‘... when the claimant's default is placed in context, it shows what amounts to a flagrant disregard for the rules and practice directions governing the conduct of litigation. The claimant's overall conduct has, in my judgment, significantly prejudiced the defendants and has undoubtedly affected the smooth running of the litigation as a whole. Therefore in all the circumstances of the case I do not consider that relief from sanctions should be granted even though the effect of that is to deprive the claimant of a substantial personal injury claim. It follows that the claimant cannot rely upon the medical report and/or the schedule. Therefore, it necessarily follows that his claim must fail and be struck out’.

On the second issue, regarding abuse of process, HHJ Gargan compounded his finding in favour of D1 and D2 at paragraphs 130 and 131 of his ruling:

‘In my judgment the claimant's conduct (or that of his solicitors with which he is fixed) represents a flagrant disregard for the rules. In my judgment the failures have (cumulatively) had a significant adverse impact upon the way in which the defendants have been able to deal with the claim.

Therefore, even were this not an implied relief against sanctions claim I would strike out the Claim’.


The High Court Appeal was heard by Mr Justice Spencer on 5 November 2018.

The claimant appealed only in respect of D1 and D2.

Claimant’s Submissions

By way of interpretation, the claimant’s argument, on appeal, was that a lack of express wording in PD 16.4 insinuated that their breach should not be met with sanction. Further, that an implied sanction was equally inapplicable.

As a result, counsel for the claimant submitted that HHJ Gargan had misapplied the law at 1st instance, when he found that the claimant’s failure to serve their medical evidence with the Particulars of Claim engaged the principles of Mitchell and Denton, pressurising the claimant into making an application under CPR 3.9 for relief from sanctions.

According to the claimant, therefore, the correct approach for non-compliance with PD 16.4 was not for the claimant to apply for relief, but for the defendant to make an application seeking an order for service of the medical report.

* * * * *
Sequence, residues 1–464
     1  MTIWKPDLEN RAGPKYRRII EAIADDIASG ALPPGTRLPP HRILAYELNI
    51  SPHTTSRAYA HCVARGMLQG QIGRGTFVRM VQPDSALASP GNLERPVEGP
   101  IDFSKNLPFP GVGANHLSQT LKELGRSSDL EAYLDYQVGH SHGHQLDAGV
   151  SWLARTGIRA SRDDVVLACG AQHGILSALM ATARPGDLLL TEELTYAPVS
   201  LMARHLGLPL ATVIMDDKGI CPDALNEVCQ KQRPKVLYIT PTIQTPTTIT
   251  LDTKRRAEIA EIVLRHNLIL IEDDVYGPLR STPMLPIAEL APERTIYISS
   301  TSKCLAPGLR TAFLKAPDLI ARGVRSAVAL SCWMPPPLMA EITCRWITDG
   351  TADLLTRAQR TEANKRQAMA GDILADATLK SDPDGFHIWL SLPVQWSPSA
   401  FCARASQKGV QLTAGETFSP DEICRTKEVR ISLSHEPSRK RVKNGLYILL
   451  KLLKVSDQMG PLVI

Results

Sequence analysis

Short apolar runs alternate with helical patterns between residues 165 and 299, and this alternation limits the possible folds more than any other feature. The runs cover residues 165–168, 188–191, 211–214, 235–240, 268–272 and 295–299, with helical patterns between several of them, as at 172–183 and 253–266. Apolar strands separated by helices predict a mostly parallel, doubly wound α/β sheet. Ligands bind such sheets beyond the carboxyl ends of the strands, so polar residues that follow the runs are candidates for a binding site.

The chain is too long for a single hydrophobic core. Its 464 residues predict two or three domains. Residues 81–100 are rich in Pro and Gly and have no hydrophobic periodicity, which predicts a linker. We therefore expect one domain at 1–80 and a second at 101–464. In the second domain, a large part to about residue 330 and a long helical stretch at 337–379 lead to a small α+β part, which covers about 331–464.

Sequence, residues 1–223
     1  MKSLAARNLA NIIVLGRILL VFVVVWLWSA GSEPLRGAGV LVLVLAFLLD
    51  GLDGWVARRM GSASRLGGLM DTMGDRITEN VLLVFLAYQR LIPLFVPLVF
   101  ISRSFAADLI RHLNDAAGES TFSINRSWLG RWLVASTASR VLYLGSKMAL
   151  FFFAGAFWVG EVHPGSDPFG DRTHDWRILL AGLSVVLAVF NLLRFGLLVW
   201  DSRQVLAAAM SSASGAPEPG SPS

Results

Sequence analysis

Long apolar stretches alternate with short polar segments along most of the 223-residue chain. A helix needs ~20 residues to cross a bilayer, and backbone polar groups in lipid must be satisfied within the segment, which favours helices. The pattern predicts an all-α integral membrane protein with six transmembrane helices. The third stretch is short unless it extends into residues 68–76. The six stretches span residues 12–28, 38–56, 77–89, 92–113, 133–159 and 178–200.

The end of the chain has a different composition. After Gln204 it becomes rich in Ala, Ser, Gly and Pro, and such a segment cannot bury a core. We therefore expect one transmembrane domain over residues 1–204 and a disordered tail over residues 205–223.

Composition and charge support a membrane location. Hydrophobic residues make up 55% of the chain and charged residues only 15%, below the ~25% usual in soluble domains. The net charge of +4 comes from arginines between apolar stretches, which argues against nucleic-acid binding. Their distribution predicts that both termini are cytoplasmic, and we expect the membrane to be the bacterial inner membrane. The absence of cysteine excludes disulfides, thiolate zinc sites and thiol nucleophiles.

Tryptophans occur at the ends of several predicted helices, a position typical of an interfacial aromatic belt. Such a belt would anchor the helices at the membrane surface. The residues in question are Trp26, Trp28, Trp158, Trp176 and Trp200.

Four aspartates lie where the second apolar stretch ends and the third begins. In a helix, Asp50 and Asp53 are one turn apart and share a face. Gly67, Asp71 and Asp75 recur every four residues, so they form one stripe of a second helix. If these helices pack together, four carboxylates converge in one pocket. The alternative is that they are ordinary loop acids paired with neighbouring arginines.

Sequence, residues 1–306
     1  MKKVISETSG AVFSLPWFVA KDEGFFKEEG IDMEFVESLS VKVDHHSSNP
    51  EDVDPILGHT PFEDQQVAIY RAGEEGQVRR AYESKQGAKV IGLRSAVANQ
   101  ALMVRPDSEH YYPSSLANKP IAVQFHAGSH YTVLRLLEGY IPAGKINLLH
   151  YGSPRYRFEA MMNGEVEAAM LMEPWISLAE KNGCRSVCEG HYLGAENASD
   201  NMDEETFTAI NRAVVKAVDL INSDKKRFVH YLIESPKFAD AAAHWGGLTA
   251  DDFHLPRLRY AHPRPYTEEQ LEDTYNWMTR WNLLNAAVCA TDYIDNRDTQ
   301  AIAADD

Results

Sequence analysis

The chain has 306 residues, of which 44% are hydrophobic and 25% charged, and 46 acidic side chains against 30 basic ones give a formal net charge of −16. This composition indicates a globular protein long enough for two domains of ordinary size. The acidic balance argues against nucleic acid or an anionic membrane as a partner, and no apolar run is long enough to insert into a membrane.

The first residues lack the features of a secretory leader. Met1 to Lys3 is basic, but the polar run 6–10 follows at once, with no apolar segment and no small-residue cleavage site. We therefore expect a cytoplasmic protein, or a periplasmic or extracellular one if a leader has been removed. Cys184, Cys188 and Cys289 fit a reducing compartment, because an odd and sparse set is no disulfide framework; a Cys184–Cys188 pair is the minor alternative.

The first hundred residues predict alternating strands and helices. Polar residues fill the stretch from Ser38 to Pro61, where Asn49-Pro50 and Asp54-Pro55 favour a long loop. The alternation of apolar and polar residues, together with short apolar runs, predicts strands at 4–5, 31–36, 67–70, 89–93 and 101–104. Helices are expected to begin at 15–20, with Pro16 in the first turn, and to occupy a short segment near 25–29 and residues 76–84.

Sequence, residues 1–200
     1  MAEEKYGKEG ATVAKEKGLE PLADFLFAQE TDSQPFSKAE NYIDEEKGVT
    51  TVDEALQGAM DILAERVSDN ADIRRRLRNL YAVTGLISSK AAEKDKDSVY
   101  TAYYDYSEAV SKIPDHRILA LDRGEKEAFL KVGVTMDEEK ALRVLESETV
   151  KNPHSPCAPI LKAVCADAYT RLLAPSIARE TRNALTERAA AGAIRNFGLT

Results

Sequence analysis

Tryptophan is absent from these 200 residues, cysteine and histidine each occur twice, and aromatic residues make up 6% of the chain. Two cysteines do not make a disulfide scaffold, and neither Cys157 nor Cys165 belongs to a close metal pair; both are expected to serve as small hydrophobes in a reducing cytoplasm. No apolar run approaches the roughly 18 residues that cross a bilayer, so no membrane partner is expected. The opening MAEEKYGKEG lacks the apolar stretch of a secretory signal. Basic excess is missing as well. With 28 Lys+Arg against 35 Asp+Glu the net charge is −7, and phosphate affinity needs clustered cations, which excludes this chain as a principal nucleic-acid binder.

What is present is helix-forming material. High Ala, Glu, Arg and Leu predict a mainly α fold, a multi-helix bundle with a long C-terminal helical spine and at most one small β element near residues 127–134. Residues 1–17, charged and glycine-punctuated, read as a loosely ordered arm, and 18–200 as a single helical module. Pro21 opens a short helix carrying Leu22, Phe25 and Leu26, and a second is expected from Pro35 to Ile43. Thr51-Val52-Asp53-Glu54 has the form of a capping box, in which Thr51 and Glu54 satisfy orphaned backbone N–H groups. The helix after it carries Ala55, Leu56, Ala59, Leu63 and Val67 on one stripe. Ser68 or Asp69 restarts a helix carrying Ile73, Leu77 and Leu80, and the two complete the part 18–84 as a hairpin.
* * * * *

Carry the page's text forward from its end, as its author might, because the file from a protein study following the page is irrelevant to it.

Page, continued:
Claimant counsel referred to Walsham Chalet Park Limited v Tallington Lakes Limited [2014] EWCA Civ 1607, in which Richards LJ found that where no sanction was imposed for non-compliance with a rule, practice direction, or Order, it was possible for the claim to proceed without the defaulting party having to apply for relief:

‘It must be stressed ... that the ultimate question for the court in deciding whether to impose the sanction of strike-out is materially different from that in deciding whether to grant relief from a sanction which has already been imposed’.

The claimant further submitted that HHJ Gargan had introduced an implied sanction, i.e. that medical evidence not served with the Particulars of Claim is automatically rendered inadmissible. It was posed that such an assumption bypassed any consideration of proportionality and could not ‘be said to arise by logical implication’.

In addition, it was contended that the 1st instance judge had ‘incorrectly equated permission to rely on the medical evidence and schedule of loss’ with the required steps under CPR 16.4.

Defendant’s Submissions

By contrast, counsel for the defendant argued in favour of strict interpretation of PD 16.4 wording. It was argued that the word must demonstrated that compliance with the Practice Direction was mandatory and failure to adhere was equivalent to failure to comply with a Rule or an Order of the court. It was unlikely that PD 16.4 would allow medical evidence to be exchanged ‘at some indefinite time in the future’. Thus, it was clearly a temporal requirement.